En EspaŅol
Share

Ask Mr. Smarty Plants

Mr. Smarty Plants - Care for non-native Basil

Ask Mr. Smarty Plants is a free service provided by the staff and volunteers at the Lady Bird Johnson Wildflower Center.

Search Smarty Plants
    
 
See a list of all Smarty Plants questions
Can't find the answer in our existing FAQs, submit a question to Mr. Smarty Plants.

Need help with plant identification, visit the plant identification page.
 
rate this answer
4 ratings

Tuesday - August 14, 2007

From: Charlotte, NC
Region: Mid-Atlantic
Topic: Non-Natives
Title: Care for non-native Basil
Answered by: Barbara Medford

QUESTION:

One of my Basil plants has leaves that are curling (shriveling.) I see no insects on any of the leaves. The plant next to this one is growing beautifully. Both are in large pots and are in the sun. What gives?

ANSWER:

The goal of the Lady Bird Johnson Wildflower Center is to further the care and use of native North American plants. While Ocimum basilicum L. is not a North American native, having originated in the eastern countries of India, Pakistan and Tahiland and cultivated for almost 5000 years, almost everyone loves to have some around for the flavor it adds to cooking and the delicious fragrance.

Okay, we're going to play Plant Detective, and first we'll scare you to death with some stuff that probably isn't the problem. In fact, these diseases are much more likely to show up in a commercial growing operation, where cultural practices are not as easy to control and disease can quickly spread. So, take a look at this website on The Pests and Diseases of Basil. From your description, we really don't think any of these fungal diseases are affecting your basil. If you determine that one of them IS the problem, the recommendation is to quickly remove the plant and its soil from your property, along with any other plants of the mint family that appear similarly affected.

But let's be more optimistic and say just this one pot is having a problem, since you say the one next to it, in the same cultural conditions, is doing fine. So, maybe it's just that particular pot. Unfortunately, shriveled leaves can be attributed to too much water, too little water, too much sun, not enough sun-well, you get the picture. Is the pot being watered regularly, now that summer is truly upon us? Is it draining well? If the drain hole is plugged up, the roots could be sitting in a swamp in the bottom. Only swamp plants like their roots in a swamp. On the other hand, if the soil gets too dry between waterings, water will just rush through the dry soil without soaking in and go out the hole. Our basil on the back porch, even with daily waterings, seems to be drooping by the middle of the day now that real summer heat and dryness have come to Texas, even with regular daily watering. Is the plant in a plastic pot? Those things can get flaming hot in the sun, and really toast a little plant's roots. Maybe a little midday shade would make all your basils happier. Yellowed leaves toward the bottom of the bush mean it needs more sun and/or less fertilizer.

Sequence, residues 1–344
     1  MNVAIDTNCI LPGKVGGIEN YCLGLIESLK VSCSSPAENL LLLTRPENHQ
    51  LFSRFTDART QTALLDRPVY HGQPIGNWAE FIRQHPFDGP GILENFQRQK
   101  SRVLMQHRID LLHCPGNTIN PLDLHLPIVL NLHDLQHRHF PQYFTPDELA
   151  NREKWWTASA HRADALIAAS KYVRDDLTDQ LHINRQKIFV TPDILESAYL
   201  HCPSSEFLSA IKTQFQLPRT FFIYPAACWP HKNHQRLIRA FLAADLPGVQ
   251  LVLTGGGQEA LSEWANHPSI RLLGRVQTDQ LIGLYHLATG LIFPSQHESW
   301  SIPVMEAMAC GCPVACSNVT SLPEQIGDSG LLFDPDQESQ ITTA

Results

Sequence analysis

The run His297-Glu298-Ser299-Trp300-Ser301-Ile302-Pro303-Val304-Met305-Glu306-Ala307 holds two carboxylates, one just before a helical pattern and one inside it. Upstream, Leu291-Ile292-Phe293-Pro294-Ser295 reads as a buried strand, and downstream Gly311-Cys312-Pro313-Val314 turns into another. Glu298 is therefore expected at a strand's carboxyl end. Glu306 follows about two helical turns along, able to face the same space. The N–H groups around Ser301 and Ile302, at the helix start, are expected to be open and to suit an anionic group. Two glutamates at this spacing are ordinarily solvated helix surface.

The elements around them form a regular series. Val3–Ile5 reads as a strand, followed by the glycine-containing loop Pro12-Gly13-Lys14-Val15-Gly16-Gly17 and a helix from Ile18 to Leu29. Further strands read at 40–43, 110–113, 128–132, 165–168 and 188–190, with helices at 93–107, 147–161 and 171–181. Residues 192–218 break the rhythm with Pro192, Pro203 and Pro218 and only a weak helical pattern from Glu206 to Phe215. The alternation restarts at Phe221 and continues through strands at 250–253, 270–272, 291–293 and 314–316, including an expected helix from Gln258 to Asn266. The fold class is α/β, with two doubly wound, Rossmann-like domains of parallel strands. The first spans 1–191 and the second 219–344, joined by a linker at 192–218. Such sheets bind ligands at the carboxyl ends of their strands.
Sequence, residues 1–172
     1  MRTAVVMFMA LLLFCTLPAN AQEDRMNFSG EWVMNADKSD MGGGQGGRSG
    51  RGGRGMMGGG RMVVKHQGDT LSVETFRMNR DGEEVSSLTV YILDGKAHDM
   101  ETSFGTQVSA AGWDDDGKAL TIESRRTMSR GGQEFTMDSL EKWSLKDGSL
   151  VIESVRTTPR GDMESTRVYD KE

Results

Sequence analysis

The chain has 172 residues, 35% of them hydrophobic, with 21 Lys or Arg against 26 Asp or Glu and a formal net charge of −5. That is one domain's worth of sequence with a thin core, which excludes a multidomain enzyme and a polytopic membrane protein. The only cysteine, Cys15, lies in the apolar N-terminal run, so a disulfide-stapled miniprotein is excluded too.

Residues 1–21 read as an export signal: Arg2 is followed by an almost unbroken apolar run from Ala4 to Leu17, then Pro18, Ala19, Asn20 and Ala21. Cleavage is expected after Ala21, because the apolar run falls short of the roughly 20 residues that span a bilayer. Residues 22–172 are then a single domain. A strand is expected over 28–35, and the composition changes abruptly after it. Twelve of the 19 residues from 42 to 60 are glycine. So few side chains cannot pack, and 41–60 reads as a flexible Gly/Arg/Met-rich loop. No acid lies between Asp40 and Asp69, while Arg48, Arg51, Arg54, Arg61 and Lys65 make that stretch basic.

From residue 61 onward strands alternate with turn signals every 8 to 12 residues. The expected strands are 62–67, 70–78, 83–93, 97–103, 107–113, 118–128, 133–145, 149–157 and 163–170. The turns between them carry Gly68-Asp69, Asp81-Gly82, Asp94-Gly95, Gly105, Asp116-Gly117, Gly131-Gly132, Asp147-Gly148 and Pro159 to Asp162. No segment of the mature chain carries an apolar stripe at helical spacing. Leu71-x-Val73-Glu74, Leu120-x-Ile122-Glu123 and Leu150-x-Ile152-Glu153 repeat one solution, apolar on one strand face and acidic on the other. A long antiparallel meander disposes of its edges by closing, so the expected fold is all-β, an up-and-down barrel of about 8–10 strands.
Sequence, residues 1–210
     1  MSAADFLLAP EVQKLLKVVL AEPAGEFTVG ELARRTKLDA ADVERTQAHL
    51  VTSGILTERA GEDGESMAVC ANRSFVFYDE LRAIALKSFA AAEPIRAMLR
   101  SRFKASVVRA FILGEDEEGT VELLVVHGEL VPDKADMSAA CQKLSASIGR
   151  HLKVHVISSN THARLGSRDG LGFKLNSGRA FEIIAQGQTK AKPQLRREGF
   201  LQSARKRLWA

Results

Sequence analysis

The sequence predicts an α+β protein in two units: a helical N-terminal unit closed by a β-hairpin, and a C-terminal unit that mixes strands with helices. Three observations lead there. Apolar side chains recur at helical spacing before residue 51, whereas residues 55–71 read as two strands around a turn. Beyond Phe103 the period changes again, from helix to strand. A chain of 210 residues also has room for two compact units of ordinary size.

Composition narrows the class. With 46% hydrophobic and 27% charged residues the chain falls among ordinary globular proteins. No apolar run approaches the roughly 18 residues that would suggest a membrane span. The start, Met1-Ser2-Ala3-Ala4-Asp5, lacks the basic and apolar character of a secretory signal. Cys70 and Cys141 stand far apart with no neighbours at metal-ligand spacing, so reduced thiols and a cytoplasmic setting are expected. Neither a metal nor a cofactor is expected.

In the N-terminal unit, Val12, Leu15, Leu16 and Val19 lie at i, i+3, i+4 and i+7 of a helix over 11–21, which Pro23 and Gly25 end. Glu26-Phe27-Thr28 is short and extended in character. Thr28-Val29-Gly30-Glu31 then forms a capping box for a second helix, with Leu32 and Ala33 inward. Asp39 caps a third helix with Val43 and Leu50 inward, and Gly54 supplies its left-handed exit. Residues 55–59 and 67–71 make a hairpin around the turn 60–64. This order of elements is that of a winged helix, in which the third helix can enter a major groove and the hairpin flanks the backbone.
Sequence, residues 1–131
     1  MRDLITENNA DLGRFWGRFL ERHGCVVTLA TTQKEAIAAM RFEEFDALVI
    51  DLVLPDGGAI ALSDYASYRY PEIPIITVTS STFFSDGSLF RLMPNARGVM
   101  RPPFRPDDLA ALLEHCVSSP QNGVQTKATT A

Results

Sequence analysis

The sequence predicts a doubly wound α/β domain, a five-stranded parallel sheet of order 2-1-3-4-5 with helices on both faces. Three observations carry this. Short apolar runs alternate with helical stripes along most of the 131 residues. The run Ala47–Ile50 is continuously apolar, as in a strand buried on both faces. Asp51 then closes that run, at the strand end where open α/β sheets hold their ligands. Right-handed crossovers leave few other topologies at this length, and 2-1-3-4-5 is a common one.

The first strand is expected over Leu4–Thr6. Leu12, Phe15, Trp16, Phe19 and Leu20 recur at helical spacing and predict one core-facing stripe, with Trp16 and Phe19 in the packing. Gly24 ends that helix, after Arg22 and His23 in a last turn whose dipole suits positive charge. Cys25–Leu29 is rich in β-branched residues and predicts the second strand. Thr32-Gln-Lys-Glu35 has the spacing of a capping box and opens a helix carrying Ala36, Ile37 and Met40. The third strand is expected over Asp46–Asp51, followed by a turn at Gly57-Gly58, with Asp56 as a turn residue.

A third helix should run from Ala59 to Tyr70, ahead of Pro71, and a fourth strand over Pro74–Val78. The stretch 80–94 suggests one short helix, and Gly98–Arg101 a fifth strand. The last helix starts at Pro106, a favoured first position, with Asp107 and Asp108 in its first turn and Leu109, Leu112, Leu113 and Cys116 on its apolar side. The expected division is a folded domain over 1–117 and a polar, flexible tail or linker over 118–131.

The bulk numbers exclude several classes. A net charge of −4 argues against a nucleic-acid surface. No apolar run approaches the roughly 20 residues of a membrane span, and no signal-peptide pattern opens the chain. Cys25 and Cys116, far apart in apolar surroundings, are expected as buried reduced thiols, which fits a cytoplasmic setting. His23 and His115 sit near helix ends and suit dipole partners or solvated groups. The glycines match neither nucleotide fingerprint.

Okay, let's be honest, here. We really don't know what is happening to your basil. If it looks like it's surviving and doesn't have some dread disease, we'd suggest doing a little pruning to make it more bushy. To extend the life of a basil plant, the flowers should be nipped off as soon as they appear. Some trimming down and thinning out will give the plant less leaf surface to evaporate moisture. And, let's get real. Basil is an annual that will go home to its Fathers at the first frost. If it insists on being a prima donna and sulking no matter what you do for it, ignore it. It can be replaced.

 

More Non-Natives Questions

Apache Pine for Dripping Springs, TX.
July 02, 2014 - Is the Apache Pine tree a good choice for planting in alkaline soil with excellent drainage?
view the full question and answer

Recovery of damaged fuchsia plant in hanging basket
July 23, 2007 - I had a beautiful fuchsia plant hanging on my porch. The hanger gave way and the plant fell straight down into another flower bed. The fuchsia seemed ok. I put it back in the pot put up new strong ...
view the full question and answer

Problems with new transplant non-native weeping willow from Washington DC
September 10, 2012 - I replanted a very young BABY weeping willow tree and now it looks as if the leaves are drying up like it is dying. I know that it could also be in shock from the new transplant or it can be dying ...
view the full question and answer

Disposal of non-native invasive Houttuynia cordata
August 08, 2007 - I am a homeower in The Woodlands with a very difficult problem in my butterfly garden. I have an impossibly invasive weed that I cannot get rid of -- so much so that I'm thinking of just paving ov...
view the full question and answer

Bark splitting on non-native Royal Poinciana in tree in Merritt Island FL
August 10, 2010 - Information on splitting bark along the branches like an overstuffed sausage: A royal Poinciana tree, about 5 years old. The upper branches are doing this, although I'm afraid little splits or tear...
view the full question and answer

Smarty Plants's Facebook profile Support the Wildflower Center by Donating Online or Becoming a Member today.

Mr. Smarty Plants wants you to be his Facebook friend. Click the Facebook icon to add yourself to Mr. Smarty Plants list of friends.
E-NEWSLETTER | BECOME A MEMBER | DONATE NOW | MEDIA | SITEMAP
© 2014 Lady Bird Johnson Wildflower Center